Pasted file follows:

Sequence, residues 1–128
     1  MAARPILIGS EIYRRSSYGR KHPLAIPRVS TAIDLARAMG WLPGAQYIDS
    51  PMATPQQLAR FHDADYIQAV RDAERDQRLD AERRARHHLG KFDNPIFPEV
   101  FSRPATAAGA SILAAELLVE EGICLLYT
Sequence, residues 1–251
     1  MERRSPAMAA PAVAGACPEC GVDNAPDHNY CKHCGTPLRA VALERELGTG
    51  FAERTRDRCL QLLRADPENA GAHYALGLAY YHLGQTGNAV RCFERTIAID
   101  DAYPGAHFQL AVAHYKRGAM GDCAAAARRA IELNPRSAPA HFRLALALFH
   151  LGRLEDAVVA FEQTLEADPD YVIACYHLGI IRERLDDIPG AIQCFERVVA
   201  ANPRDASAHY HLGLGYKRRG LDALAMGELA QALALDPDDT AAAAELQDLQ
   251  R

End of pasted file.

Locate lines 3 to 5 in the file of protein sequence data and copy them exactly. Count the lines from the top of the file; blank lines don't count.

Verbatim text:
    51  PMATPQQLAR FHDADYIQAV RDAERDQRLD AERRARHHLG KFDNPIFPEV
   101  FSRPATAAGA SILAAELLVE EGICLLYT
Sequence, residues 1–251